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Hi Wolfram, 

Sorry about the delay. Yes we have been using our existing keratins to do scale normalization. In the past we haven’t run reference waters at the same time as solid samples but I’ve actually been looking in to it for an unrelated project. Thanks for the suggestion. 

Best,
-Robin 

> On Sep 6, 2018, at 10:26 AM, Wolfram Meier-Augenstein (pals) <[log in to unmask]> wrote:
> 
> Hi Robin,
>  
>  
> Though I haven’t heard from you, I thought my suggestion might still prove helpful; if not for you then for colleagues facing similar problems.
>  
> Unless one wishes to go for maximum bang for one’s effort (exchange correction and scale normalization in one go), the situation you are facing can be solved without a keratin standard with a true, non-ex d2H value of about +60 ‰.
>  
> The keratin standards you are using are perfectly adequate to deal with correction for exchangeable hydrogen based on the comparative equilibration method using 100 % matrix matched standards.  Scale normalization of measured d2H values can be achieved in a separate step by including reference waters in silver tubes such as USGS48 and USGS49 as part of the batch run; these reference waters are available from the Reston lab.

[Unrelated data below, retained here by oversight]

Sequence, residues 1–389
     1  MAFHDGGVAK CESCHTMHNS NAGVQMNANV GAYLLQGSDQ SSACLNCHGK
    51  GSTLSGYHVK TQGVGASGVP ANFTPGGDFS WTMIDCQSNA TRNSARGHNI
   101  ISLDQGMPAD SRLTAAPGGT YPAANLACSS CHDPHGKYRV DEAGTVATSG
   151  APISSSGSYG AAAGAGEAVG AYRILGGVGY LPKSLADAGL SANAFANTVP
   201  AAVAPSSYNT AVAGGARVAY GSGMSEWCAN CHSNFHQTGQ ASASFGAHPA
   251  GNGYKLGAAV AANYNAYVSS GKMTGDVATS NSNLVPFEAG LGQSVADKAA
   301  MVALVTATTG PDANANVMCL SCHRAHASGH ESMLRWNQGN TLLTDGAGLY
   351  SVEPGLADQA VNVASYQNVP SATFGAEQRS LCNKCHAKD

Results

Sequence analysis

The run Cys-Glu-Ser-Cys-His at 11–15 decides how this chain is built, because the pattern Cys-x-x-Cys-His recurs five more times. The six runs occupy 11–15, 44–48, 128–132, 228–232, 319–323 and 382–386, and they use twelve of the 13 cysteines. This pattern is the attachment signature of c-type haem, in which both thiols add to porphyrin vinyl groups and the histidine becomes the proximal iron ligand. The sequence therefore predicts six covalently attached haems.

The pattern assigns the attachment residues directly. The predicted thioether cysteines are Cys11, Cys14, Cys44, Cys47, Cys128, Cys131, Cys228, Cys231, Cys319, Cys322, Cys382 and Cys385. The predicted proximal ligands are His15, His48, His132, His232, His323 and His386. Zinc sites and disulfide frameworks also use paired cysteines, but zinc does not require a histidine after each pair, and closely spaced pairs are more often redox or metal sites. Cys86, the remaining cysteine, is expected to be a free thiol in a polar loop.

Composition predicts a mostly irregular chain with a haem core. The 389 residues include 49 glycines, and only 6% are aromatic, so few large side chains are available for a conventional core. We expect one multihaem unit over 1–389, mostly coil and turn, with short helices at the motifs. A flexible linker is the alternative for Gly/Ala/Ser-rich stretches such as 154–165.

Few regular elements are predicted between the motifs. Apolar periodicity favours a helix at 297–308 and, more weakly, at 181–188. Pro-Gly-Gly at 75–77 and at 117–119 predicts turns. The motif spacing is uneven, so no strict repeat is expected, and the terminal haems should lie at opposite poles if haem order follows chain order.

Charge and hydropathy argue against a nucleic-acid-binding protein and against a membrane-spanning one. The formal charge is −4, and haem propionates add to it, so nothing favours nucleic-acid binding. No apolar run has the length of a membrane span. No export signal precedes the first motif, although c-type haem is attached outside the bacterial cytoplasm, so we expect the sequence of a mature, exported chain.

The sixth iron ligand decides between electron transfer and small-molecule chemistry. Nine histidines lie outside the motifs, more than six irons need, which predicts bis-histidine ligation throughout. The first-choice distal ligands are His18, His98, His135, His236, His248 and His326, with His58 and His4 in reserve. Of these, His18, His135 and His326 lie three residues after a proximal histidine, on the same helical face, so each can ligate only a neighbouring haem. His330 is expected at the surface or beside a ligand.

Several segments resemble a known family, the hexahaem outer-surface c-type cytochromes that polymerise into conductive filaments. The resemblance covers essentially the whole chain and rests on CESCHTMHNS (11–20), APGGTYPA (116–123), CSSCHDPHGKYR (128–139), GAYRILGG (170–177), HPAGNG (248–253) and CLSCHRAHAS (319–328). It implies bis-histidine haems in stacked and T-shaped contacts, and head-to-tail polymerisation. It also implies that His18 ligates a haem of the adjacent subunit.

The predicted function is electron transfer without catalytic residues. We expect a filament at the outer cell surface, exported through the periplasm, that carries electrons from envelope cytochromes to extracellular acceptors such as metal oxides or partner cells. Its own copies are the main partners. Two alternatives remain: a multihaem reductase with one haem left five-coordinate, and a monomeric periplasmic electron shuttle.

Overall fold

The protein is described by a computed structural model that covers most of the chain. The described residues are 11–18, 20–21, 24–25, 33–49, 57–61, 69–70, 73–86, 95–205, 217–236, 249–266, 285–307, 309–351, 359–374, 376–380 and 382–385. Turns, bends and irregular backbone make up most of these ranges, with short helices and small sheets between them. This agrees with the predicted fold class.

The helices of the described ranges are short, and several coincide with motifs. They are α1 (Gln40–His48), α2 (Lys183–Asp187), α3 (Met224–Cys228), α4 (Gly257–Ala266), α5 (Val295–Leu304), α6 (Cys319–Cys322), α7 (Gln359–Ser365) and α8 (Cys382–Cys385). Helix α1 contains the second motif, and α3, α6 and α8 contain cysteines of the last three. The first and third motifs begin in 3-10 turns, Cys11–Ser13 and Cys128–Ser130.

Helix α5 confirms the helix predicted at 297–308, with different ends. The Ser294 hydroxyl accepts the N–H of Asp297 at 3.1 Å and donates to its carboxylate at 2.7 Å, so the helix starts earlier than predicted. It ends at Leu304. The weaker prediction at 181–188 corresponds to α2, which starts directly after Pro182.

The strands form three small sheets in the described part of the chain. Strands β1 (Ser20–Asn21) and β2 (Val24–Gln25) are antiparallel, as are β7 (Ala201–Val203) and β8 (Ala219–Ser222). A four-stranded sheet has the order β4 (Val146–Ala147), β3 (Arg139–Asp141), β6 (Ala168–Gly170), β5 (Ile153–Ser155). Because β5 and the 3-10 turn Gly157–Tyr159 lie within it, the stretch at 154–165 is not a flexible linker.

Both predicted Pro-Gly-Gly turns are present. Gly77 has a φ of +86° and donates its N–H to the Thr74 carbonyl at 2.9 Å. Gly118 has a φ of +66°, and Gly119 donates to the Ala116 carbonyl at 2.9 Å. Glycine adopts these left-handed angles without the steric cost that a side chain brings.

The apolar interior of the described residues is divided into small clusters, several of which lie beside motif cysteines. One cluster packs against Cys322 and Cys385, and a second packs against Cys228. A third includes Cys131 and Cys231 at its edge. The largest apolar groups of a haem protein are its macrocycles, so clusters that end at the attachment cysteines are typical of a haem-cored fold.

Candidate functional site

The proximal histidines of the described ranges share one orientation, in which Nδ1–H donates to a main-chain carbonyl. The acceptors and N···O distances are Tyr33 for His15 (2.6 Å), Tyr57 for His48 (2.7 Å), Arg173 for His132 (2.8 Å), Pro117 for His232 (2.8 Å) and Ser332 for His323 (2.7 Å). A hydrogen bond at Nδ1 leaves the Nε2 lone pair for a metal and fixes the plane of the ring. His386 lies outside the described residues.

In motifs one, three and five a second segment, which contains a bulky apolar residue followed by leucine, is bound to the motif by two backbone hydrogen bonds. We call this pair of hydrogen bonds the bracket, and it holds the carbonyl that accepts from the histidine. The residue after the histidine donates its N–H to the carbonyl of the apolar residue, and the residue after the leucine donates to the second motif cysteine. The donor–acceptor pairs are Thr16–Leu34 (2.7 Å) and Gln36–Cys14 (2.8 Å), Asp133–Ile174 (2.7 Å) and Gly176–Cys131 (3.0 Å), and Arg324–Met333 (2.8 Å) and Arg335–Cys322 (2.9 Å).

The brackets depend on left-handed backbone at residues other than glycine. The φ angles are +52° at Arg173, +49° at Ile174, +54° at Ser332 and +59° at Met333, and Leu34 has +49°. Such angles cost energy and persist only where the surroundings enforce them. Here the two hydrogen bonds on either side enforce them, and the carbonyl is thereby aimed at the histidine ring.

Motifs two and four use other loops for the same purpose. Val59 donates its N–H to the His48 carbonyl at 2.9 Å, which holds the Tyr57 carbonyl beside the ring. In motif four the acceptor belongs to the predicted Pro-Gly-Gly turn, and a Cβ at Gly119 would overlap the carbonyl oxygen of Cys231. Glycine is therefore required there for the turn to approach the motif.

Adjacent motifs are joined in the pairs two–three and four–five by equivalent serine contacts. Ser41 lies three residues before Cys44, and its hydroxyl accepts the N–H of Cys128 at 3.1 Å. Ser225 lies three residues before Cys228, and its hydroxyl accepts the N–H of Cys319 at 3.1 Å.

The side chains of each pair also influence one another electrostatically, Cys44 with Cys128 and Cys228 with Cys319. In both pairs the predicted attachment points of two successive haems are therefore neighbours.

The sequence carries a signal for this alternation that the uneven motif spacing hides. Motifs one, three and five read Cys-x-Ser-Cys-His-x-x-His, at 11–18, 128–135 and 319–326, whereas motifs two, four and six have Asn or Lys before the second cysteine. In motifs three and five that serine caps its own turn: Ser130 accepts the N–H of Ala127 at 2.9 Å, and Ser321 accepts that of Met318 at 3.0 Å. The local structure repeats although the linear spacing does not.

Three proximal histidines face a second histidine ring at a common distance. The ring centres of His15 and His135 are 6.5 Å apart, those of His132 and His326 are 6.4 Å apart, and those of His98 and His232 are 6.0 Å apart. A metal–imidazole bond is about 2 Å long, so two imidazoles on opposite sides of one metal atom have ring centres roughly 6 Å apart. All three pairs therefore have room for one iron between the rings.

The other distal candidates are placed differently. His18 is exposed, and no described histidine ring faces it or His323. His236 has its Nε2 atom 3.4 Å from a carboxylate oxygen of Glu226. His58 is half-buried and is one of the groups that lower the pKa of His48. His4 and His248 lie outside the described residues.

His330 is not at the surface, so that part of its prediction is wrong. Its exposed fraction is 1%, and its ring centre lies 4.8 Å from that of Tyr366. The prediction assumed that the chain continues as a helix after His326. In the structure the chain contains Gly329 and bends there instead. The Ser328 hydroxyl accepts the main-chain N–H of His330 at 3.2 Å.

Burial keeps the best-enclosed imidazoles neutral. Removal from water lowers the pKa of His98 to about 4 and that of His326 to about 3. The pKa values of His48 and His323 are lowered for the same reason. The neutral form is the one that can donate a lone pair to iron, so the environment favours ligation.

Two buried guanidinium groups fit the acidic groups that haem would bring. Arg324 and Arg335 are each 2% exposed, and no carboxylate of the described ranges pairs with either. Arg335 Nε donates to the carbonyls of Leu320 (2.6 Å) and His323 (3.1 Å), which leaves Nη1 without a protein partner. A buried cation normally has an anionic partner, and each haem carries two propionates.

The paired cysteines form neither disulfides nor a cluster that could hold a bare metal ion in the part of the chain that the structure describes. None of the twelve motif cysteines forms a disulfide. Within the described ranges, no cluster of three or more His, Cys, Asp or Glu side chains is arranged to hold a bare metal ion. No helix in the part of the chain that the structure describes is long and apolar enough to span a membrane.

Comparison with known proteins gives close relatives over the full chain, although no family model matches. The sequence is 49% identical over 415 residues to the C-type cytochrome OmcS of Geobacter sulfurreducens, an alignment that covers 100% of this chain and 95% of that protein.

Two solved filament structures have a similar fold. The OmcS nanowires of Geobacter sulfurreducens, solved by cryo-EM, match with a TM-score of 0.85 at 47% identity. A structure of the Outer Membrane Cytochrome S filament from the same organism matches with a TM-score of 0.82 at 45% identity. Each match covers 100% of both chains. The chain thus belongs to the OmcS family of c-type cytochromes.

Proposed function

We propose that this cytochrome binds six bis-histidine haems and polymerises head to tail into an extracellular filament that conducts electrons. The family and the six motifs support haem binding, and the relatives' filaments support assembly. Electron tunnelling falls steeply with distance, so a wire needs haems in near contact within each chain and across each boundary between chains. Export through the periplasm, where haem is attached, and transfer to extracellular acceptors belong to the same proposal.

>  
> https://isotopes.usgs.gov/lab/referencematerials.html <https://isotopes.usgs.gov/lab/referencematerials.html>
>  
>  
> Best,
>  
> Wolfram
>  
>  
> From: Stable Isotope Geochemistry [mailto:[log in to unmask]] On Behalf Of Robin Trayler
> Sent: 05 September 2018 17:00
> To: [log in to unmask]
> Subject: [ISOGEOCHEM] High δD keratin reference materials
>  
> Hi Everyone, 
>  
> Our lab has been measuring hydrogen isotopes on bird claws recently that fall well outside the range of our current reference materials. We currently use two keratin reference materials (CBS, δD = -197 and KHS, δD = -54.1‰) when running feathers and claws. Some of the claws we’ve analyzed have had δD values as high as + 50 to 60‰. Is anyone aware of any keratin reference materials that have δD around + 50 to +70‰?
>  
> Best,
>  
> Robin B. Trayler
> Stable Isotope Laboratory
> Department of Geosciences
> Boise State University, Boise, ID
>  
> 
>  
> 
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